War of the Rebellion: Serial 084 Page 0140 LOUISIANA AND THE TRANS-MISSISSIPPI. Chapter LIII.

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paid to the individual. And in case of the failure of the county officers to collect said taxes within nine months from the date of the finding, the district commander shall have the right to select the property of any one in the county who has borne arms against the Union, or any one who has been a rebel sympathizer, or any family who has had a male member (father or son) in the rebel service, or any one who has harbored, fed, or in any way encouraged, after the issuing of this order, any Confederate soldier, bushwhacker, marauder, or thief within the lines occupied by our military forces, and sell the same to pay or assist to pay the debt, at the same time turning over to said party or parties paying the claims against the county; which shall be a true and just debt against said county and a lien against the real estate in the hands of the party or parties paying, to be collected as all other claims against a county can be collected.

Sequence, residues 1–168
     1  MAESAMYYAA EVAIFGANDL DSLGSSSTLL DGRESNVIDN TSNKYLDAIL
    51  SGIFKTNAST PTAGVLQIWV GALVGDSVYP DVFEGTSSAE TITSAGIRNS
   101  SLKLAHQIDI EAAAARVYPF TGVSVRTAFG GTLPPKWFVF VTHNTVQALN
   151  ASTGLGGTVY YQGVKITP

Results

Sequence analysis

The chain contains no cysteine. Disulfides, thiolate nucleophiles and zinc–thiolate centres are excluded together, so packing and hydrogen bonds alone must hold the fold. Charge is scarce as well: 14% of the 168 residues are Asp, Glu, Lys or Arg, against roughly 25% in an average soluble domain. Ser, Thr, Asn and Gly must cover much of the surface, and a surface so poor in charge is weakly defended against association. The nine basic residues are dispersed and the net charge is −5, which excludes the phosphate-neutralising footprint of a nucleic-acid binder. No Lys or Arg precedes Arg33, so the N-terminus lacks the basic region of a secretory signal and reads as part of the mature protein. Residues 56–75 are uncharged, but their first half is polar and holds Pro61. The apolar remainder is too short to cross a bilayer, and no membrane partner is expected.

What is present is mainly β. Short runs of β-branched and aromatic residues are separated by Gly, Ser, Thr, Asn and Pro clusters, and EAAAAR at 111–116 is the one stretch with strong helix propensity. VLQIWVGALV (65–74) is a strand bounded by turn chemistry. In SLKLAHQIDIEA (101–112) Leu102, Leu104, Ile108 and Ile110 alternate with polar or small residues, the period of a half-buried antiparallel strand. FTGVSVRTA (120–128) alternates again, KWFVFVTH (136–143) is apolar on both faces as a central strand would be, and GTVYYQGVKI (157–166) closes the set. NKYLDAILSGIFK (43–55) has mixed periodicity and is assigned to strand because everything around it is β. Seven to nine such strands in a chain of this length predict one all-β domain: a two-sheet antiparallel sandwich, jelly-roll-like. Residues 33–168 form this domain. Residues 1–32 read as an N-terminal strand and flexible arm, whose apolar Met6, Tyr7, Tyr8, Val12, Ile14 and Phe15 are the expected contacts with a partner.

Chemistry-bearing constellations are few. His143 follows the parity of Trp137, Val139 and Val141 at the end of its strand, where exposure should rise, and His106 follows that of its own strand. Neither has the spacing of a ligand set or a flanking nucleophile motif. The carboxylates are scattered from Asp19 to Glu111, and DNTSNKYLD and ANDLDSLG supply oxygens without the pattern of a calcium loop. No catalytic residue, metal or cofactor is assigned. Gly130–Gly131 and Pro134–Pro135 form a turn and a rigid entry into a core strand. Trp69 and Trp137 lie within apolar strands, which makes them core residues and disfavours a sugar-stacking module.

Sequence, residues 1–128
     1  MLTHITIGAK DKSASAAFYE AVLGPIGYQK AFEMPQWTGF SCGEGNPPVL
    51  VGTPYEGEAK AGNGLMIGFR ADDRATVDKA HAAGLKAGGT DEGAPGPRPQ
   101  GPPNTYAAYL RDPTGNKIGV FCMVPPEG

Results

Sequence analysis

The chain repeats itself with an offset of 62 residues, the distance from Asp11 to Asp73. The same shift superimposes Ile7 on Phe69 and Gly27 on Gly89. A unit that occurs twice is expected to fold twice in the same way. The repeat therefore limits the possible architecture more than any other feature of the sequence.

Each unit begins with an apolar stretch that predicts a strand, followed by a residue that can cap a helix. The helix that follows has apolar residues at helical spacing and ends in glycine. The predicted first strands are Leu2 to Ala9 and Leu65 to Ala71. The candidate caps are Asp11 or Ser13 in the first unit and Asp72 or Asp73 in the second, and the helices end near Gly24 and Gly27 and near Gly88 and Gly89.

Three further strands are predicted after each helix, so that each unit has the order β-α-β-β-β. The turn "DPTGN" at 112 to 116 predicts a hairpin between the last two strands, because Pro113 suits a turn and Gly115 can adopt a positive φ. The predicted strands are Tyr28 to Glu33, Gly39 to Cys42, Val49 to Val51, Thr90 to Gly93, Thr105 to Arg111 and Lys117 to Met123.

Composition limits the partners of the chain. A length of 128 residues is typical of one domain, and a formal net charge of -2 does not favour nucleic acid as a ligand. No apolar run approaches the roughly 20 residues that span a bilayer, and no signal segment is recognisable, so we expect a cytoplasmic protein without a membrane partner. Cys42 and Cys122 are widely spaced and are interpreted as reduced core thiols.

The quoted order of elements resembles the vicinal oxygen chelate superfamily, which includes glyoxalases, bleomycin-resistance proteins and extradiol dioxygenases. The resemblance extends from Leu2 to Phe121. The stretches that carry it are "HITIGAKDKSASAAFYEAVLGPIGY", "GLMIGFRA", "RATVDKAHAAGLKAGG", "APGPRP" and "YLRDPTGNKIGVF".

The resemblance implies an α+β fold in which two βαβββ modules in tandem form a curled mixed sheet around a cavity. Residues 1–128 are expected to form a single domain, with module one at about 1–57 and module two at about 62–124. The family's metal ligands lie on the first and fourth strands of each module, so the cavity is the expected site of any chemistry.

The amounts of indebtedness so found against the various counties shall remain debts till collected during the existence of martial law; and an application will be made to the next Congress to confirm any such debts not paid after martial law shall cease against each and every county till the same is paid.

I do not pretend to say there are no objections to some of the features of such an order, but I think it will have the tendency to spur up both Union men and rebel sympathizers to stop these wholesale butcheries and robberies which are now going on, and in which the power of the Government is in truth set at defiance from circumstances.

I think the publication of such an order would do good if some of its provisions were not fully carried out, as it would al least furnish a record of the loss of life and property of which now no official notice is taken, and the faithful carrying out of which would essentially stop these practices.

Please acknowledge the receipt of this communication.

I am, sir, very respectfully, your obedient servant,





Fort Leavenworth, July 18, 1864.

Respectfully forwarded.

The right to assess rebels cannot be doubted, but the manner of doing involves more study and legal consideration than I am able to give it.





Fort Leavenworth, July 11, 1864.

Colonel Goodwin will immediately see that every soldier at this post is furnished with a haversack and canteen and be held in readiness to march at a moment's warning. Sufficient transportation will be provided for the One hundred and thirty-eighth Illinois Volunteers. All of the Sixteenth Kansas Volunteer Cavalry which can be mounted will be so mounted at once and placed in line for inspection, and that